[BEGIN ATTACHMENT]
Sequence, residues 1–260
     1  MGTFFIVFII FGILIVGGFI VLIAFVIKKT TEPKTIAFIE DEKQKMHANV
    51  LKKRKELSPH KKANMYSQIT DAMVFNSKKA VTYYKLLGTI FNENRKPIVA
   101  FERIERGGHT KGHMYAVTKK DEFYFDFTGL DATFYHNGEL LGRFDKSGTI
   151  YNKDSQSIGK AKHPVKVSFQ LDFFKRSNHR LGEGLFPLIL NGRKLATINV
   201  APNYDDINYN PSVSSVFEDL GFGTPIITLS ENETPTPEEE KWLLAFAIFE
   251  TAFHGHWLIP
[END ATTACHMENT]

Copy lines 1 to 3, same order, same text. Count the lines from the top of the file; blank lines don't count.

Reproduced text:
Sequence, residues 1–260
     1  MGTFFIVFII FGILIVGGFI VLIAFVIKKT TEPKTIAFIE DEKQKMHANV
    51  LKKRKELSPH KKANMYSQIT DAMVFNSKKA VTYYKLLGTI FNENRKPIVA